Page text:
“Aside from ‘Citizen Kane’, all of Orson Welles’s films were severely criticized in their day, too poor or too baroque, crazy, too Shakespearean or not sufficiently so. Nevertheless, in the end, Welles’s reputation throughout the world is secure.”
– Francois Truffaut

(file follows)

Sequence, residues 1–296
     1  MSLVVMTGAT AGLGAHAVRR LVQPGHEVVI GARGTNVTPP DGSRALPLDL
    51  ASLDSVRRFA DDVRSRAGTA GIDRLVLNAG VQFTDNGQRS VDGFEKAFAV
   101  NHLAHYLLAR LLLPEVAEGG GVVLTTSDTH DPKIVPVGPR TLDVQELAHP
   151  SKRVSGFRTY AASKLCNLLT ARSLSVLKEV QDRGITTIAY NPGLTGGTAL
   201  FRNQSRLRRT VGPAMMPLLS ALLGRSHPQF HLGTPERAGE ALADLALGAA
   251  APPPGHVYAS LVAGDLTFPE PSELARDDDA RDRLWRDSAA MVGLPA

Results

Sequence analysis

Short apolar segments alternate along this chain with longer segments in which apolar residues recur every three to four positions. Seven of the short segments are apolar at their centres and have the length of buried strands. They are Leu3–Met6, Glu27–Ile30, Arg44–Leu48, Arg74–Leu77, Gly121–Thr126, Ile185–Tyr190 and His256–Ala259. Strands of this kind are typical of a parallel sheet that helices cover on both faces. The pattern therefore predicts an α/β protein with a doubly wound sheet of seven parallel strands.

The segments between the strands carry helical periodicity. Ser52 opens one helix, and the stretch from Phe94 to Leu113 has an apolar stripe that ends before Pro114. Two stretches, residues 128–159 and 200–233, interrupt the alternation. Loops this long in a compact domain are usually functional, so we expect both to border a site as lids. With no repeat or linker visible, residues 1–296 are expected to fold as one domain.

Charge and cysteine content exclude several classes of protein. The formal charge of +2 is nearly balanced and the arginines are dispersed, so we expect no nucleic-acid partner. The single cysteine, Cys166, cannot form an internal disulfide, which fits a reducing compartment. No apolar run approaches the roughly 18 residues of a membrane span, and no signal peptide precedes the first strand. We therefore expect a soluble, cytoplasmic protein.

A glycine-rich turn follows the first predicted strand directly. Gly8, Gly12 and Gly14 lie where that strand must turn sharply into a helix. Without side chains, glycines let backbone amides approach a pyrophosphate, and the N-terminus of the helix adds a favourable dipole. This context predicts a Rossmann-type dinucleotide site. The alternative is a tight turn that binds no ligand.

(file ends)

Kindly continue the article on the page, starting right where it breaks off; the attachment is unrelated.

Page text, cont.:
It is sometimes difficult to separate a man’s art from a man’s personality. Oftentimes artists hide behind their work, and their true selves are never displayed to the public. Other times, artists throw themselves in front of their work and obscure their unique creativity, instead basking in the attention that their art produces. With a filmmaker like Orson Welles, it is difficult to decide what kind of a man he was. Marlene Dietrich’s final line of dialogue in Touch of Evil intimates at the futility of such an answer: “He was some kind of a man. What does it matter what you say about people?” While she’s referring to Welles’s character, Hank Quinlan, she might as well have been talking about Orson Welles himself. Welles even admitted those lines were about himself, but sadly, in the end, the many things said about Welles had a detrimental effect on his career.